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Cape working on updating 911 service
In a few months, Cape Girardeau emergency dispatchers will be able to track a 911 caller to a specific longitude and latitude -- even if the caller is using a cell phone and does not know where he or she is.
On Monday, the Cape Girardeau County Commission authorized $4,800 be paid to the city of Cape Girardeau to assist with mapping efforts to upgrade the city's 911 service. The county emergency operations center oversees all the 911 service in the county, even though Cape Girardeau and Jackson have their own city-paid dispatchers.
The city and the commission are working together on a small but important step in elevating Cape Girardeau to Phase II 911 service, which is the ability to track 911 cellular calls to an exact location. Phase I allows dispatchers to track a signal to the nearest tower.
Currently, the city's service is not even at the Phase I level. When calls are received from a land-line phone, dispatchers are given an address, but not specific coordinates. When a caller dials 911 from a cell phone in Cape Girardeau, he or she could wind up talking to dispatchers from Poplar Bluff or another city, depending on the cellular phone carrier.
The city is in the process of changing all that.
It will soon begin using Geographic Information System technology to come up with specific mapping information needed for Phase II service, in which technology will be used to trace cell signals from towers to the location of the caller.
The county money will go toward a contract with Jeff Kaszubski, a technician who will help collect the data.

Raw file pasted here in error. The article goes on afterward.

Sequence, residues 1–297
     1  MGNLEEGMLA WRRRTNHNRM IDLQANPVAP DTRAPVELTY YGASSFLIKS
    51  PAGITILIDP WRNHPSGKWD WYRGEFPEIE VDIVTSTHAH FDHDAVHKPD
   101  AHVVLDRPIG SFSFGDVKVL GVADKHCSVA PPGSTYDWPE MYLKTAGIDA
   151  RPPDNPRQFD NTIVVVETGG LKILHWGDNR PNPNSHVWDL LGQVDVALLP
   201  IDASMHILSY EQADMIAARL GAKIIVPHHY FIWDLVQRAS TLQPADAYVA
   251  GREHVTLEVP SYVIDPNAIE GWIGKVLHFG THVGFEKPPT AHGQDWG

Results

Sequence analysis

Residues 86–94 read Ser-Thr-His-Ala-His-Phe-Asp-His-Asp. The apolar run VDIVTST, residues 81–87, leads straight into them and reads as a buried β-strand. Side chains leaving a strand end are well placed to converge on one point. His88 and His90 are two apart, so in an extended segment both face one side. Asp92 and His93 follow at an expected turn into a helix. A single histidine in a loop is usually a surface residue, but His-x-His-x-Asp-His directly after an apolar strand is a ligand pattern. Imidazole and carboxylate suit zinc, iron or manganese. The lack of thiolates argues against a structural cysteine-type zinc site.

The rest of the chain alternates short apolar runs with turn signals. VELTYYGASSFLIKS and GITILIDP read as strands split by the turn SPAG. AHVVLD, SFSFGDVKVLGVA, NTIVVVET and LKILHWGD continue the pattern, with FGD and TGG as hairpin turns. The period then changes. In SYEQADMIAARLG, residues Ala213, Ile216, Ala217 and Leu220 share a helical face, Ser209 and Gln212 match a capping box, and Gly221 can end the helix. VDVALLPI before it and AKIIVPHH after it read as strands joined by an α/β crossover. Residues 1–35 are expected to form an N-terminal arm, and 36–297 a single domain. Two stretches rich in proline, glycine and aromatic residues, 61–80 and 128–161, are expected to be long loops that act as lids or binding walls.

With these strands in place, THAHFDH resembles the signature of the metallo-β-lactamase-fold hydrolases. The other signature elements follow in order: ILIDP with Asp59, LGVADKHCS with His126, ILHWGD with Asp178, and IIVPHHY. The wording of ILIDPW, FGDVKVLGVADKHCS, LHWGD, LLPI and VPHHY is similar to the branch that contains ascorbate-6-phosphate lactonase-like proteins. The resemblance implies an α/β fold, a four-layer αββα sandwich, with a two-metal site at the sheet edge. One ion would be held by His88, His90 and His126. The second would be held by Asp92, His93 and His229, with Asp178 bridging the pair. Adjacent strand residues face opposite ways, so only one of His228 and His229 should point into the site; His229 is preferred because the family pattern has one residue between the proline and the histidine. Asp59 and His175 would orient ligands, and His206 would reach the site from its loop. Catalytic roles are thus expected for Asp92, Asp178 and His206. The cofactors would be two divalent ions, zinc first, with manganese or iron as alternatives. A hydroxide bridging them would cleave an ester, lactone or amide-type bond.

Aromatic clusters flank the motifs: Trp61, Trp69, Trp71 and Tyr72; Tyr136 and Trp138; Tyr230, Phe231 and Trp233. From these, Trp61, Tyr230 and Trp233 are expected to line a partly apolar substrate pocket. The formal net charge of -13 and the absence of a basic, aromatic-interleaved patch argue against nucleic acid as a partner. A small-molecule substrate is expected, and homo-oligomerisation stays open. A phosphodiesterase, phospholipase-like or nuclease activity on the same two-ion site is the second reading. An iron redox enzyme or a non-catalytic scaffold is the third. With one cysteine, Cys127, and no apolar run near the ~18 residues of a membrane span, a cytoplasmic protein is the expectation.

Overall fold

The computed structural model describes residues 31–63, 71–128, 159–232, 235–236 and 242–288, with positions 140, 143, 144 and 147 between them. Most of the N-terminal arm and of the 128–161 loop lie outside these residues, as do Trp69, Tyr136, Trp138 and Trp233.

Rich Daume, the city's GIS coordinator who is coordinating the project, said most of the work will include updating addresses. He said the fire department will also provide man-hours for the project. Because much of the project is being done in-house, Daume estimates the city's savings to be around $15,000.
"First, there will have to be a reviewing of addresses to make sure we've got them right," he said. "The actual lines we draw on the map need to have the addresses and they have to be right."
The city's current maps are not specific enough, Daume said. The position of the street lines need to be corrected a bit so they correspond perfectly to coordinates.
It will take about two months to collect the data, Daume said. After that, it will be up to the dispatchers to implement the data and make it useful with technology.
Cape Girardeau interim fire chief Mark Hasheider said, "We are months away from Phase II. There are a few items technologically that we have to implement. There are some other hardware needs that need to be put in place."
He added that such technology is more important in rural areas, but it does apply to the city as well.
"Take Big Bend Road, for instance," he said. "Homes on Big Bend are farther apart and farther off the road. Say you've been involved in an accident and you have to find out where you are. Sometimes we get calls like that where people are not familiar with that part of the city.
"With Phase II wireless, it will attribute a latitude and longitude coordinate to an address. Our addressing system we have now is working well, but we're moving into the next era of information and we want the maps to be 911 grade."